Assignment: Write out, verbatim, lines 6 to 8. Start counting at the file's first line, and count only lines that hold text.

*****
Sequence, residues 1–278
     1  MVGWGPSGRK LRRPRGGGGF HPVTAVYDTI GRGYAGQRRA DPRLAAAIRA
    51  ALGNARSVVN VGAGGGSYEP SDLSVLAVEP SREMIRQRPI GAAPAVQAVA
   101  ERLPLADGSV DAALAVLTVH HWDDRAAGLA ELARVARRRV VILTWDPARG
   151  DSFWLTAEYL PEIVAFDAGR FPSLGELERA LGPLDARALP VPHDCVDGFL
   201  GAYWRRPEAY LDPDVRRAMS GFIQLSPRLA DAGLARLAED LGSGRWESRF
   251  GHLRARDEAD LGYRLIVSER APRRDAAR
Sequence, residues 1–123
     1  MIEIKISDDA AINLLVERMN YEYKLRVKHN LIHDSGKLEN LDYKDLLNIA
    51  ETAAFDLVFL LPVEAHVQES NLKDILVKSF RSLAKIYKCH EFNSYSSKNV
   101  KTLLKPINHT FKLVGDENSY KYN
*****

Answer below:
   201  GAYWRRPEAY LDPDVRRAMS GFIQLSPRLA DAGLARLAED LGSGRWESRF
   251  GHLRARDEAD LGYRLIVSER APRRDAAR
Sequence, residues 1–123